Re-Shoring of Manufacturing Jobs
Author: Jeffrey Fink

Re-shoring is the bringing of manufacturing and service-related jobs back to the United States from overseas. It is the opposite concept to “off-shoring” which involves eliminating manufacturing jobs in the United States and replacing them with jobs over-seas, usually in China or other countries in Asia. This has the net-effect of increasing gross domestic product in the countries that manufacture the products for export to the United States, while correspondingly reducing the GDP in the US.

Since off-shoring began decades ago, it is estimated that manufacturing in the United States has incurred a net loss of over 3 million jobs. Manufacturing employment peaked in 1979, when there were approximately 19.6 million workers employed in the manufacturing sector. By 2013, this number had decreased to 12 million. However, since hitting a low in 2009 (11.475 million), employment in manufacturing increased to 12.308 million in 2014, and is projected to continue this increase to 12.330 million in 2015. Though the entirety of the decrease was not specifically due to off-shoring, it has had a significant negative impact on manufacturing employment in the United States. Also, not all of the recent increase in manufacturing employment is due to re-shoring, but the trend is also related to the net-additions to manufacturing employment. The Boston Consulting Group (BCG) estimates that re-shoring could potentially add as many as 1 million new manufacturing jobs in the United States by the year 2020.

Why Re-Shore?

Increasing labor costs in China and other over-seas locations
Increased transportation/freight costs
Long lead-times for raw materials, component parts, sub-assemblies, semi-finished and finished-goods
Potential labor/management discord and congestion issues at U.S. ports
Customs duties/fees and delays
Poor/inconsistent product quality
Intellectual property/regulatory compliance Issues
Inability to make rapid adjustments to products/services
Advantages of Re-Shoring:

For your company:

Reduces unit/total product costs
Reduces logistics-related expenses
Reduces safety stock inventory and increases inventory turns
Makes product/service innovation more effective
Increases responsiveness to and services customers more effectively
Improves product/service quality
Eliminates waste; as a part of a continuous improvement program
Closer to suppliers
Improves innovation by having engineering and production/assembly operations proximate
Ability to make more rapid changes to products and business processes
Can respond more quickly to changes in the market
Can differentiate versus competitors by adding “Made in USA” brand equity

For the United States and its Economy:

Increases US Gross Domestic Product
Helps to reduce the trade and budget deficits
Can reduce US unemployment by adding well-paying manufacturing jobs
Can increase consumer spending
Increases the overall skill level of the US workforce

Examples of Companies that have Re-Shored Manufacturing Jobs:

General Electric: Added one thousand jobs in its Appliance Park facility in Louisville, Kentucky by re-shoring the production of several products.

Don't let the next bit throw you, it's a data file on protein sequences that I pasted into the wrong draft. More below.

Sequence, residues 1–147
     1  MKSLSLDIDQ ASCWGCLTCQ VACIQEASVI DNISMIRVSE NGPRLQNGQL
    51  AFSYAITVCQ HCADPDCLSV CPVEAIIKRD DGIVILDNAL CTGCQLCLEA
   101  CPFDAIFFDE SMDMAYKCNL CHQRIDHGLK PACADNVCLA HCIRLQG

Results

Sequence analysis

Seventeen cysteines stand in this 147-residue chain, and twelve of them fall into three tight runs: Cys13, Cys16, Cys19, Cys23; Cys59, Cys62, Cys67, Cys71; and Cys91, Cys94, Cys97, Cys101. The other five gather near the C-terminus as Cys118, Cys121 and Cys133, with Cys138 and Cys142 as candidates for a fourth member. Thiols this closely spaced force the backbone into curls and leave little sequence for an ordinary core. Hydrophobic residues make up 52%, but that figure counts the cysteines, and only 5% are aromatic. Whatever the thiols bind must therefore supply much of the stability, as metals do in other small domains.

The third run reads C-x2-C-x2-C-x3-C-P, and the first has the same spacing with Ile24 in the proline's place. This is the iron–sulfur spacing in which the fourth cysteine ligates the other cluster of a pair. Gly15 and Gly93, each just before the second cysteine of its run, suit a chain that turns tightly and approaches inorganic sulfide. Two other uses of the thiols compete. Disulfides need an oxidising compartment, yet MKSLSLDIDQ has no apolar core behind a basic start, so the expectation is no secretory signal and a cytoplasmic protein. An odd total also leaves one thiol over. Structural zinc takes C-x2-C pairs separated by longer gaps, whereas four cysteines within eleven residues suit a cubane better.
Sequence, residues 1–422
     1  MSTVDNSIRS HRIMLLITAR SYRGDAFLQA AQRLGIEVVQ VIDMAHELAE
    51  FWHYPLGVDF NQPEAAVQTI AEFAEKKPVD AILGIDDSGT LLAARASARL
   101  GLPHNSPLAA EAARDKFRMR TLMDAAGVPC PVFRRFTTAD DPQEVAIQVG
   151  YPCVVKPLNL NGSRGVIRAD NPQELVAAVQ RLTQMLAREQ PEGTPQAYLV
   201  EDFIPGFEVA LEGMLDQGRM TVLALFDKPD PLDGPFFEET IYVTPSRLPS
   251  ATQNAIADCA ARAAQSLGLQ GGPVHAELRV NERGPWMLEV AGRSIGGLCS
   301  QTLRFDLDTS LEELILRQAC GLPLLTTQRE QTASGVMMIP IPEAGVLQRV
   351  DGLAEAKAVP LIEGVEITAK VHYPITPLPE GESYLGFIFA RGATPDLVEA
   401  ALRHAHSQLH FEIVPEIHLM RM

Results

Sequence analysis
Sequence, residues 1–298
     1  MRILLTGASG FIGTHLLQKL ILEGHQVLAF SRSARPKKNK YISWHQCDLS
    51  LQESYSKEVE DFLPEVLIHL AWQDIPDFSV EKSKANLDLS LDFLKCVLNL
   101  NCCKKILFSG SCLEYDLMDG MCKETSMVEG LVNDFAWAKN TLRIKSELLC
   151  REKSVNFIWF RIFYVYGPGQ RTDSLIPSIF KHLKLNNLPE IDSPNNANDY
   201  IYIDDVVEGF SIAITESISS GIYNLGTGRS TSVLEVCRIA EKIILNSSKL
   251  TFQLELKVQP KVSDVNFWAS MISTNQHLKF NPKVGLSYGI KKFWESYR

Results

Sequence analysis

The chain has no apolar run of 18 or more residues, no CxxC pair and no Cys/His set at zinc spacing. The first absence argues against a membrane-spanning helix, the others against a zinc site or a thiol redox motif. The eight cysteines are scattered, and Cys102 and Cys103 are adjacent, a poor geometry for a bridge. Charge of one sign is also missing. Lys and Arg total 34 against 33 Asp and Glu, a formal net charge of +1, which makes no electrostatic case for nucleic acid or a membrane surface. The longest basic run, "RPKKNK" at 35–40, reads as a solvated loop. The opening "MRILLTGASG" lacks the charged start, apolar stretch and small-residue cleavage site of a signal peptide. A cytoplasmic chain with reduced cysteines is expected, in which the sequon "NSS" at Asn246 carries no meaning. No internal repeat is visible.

Caterpillar: Added 1,400 jobs by opening a $200 million facility in Athens, GA, producing tractors formerly made in Japan.

Whirlpool: Brought back production from Mexico and China to a facility in Ohio, adding 80 to 100 new jobs.

Hanes Brands: Adding 120 jobs to its Clarksville, Arkansas facility by bringing the manufacture of department store and fashion hosiery back to the United States from Honduras.

Peerless Industries: A manufacturer of audio-visual mounting systems, recently moved their production back to Illinois due to rising labor costs, and now is manufacturing locally, closer to their suppliers and customers.
Intertech Plastics: A manufacturer of custom injection-molded plastic products, is growing sales and satisfying this growth by re-shoring because customers were expressing a preference for domestic suppliers.
Buck Knives: Previously out-sourced 30% of its knife production to save money, but brought back the production to the United States due to strong customer preference for domestically-manufactured knives.
All-Clad Metalcrafters: Implemented re-shoring to eliminate steps in their supply-chain, which lowered their production costs and freed up cash flow that could be utilized on other value-added programs.
Clothing/Fashion firms: Can bring new designs to market more quickly by producing locally and are better-positioned to capitalize on rapidly-changing fashion-preferences.

It is important to consider the total cost of ownership, which includes inventory carrying costs, lead-times, and the impact of innovation when engineering and manufacturing are separated.

Most companies make sourcing decisions solely based upon price, which can ignore many of the additional costs and risks associated with off-shoring. Once the total cost is computed, the assumed savings from off-shoring can be negligible, or negated.

In 2015, it is projected that it will cost about the same to manufacture products destined for the US market in certain parts of the United States as in China for many industries, including: computers, electronics, machinery, appliances, electrical equipment and furniture. This projection takes into account direct costs (labor, property, transportation) as well as indirect costs, such as supply-chain risk. In addition, 3D printing / additive manufacturing and other advanced manufacturing techniques will substantially reduce labor costs and provide low-cost domestic production alternatives to off-shore production.

For more information, please contact SSG at (310) 539-4645 or